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NEWS UPDATES Asean Affairs        6  June 2011

Employee incentives rise in Malaysia

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High-performing employees are getting better deals in the increasingly competitive job market as Malaysian firms offer higher salaries and more perks. "I got an increment of RM1,000 (US$340) in my recent job change doing almost the same thing," marketing officer Evelyn Hee, 26,said.

"I was headhunted by my current boss as word got around about my performance," she added. Hee said her move also brought her a better working environment and a chance to move up in her career.

Sales manager KC Chang said she got a 30 percent pay rise when a job offer was made to her earlier this year.

"I switched jobs as I did not see much opportunity for growth in my last company," she added. Malaysian Employers Federation executive director Shamsuddin Bardan said Generation X and Y employees were highly mobile and sought after by companies seeking to expand their businesses. "If these talents leave, they may also take away with them the knowledge that companies have invested in them," he added.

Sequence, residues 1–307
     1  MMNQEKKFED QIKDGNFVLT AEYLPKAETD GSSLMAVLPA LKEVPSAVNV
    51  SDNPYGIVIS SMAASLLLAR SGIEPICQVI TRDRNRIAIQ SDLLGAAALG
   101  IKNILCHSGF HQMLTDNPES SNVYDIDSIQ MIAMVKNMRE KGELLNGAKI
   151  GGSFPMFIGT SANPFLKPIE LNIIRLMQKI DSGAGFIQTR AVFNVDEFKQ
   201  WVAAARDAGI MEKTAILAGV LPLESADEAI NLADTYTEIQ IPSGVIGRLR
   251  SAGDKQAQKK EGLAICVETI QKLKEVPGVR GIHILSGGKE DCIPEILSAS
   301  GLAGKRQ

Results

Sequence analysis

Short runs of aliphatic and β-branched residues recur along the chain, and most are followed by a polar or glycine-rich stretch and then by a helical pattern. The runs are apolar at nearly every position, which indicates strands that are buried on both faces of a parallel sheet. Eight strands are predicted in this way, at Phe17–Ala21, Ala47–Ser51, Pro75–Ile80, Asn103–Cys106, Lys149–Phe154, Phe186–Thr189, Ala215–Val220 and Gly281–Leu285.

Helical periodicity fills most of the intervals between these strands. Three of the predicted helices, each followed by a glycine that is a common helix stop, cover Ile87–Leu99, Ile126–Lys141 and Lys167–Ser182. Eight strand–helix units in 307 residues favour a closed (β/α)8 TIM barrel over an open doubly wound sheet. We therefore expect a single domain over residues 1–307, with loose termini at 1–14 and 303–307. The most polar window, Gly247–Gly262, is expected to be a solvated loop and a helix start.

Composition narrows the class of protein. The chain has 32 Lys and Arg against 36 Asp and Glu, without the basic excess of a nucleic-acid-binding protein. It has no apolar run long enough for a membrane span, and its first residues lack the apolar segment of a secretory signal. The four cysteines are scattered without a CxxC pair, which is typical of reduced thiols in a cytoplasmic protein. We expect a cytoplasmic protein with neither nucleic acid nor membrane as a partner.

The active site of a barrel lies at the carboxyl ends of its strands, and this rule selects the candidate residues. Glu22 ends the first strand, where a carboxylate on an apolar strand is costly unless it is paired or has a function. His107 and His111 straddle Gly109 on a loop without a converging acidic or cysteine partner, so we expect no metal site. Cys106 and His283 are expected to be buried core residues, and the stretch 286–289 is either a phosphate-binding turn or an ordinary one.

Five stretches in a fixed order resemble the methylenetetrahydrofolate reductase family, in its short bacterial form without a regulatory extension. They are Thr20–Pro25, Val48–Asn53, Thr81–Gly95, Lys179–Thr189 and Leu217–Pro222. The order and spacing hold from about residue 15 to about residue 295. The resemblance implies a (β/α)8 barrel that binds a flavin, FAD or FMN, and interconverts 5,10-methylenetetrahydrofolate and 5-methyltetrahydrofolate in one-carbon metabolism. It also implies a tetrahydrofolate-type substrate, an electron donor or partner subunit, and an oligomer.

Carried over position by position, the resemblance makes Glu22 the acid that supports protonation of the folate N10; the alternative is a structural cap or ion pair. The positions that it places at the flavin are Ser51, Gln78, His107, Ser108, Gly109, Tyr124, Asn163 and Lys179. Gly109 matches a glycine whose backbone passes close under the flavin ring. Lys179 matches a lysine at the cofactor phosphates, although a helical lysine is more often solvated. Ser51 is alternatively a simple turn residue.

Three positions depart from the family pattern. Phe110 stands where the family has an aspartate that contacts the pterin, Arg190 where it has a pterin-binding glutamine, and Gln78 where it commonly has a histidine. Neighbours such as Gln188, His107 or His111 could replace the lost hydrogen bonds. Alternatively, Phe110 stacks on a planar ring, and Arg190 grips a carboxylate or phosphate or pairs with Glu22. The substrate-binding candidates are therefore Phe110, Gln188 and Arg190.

For big firms like Petronas, Maxis Bhd and Bank Negara Malaysia, much emphasis is also placed on grooming and investing in their talent base.

Opportunities like fast-tracking and performance-based compensation are now being adapted by many top firms to keep their talent.

They also benchmark their pay scales to market rates to remain competitive and attractive as the employer of choice.

Reward schemes and differentiated performance remuneration are also given.

"We need to have a readily available succession pool as this is especially critical for senior management and key roles," chief talent officer Kala Kularajah Sundram said.

For Bank Negara Malaysia, incentives have helped to drive productivity and performance while increasing retention of tacit knowledge and talent.

Petronas also is known for offering scholarships for disciplines critical to its operations, including petroleum engineering, geology, mechanical and chemical engineering

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This year in Thailand-what next?

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It is commonplace in journalism to write two types of articles at the transition point between the year that has passed and the New Year. As this writer qualifies as an “old hand” in observing Thailand with a track record dating back 14 years, it is time take a shot at what may unfold in Thailand in 2011.

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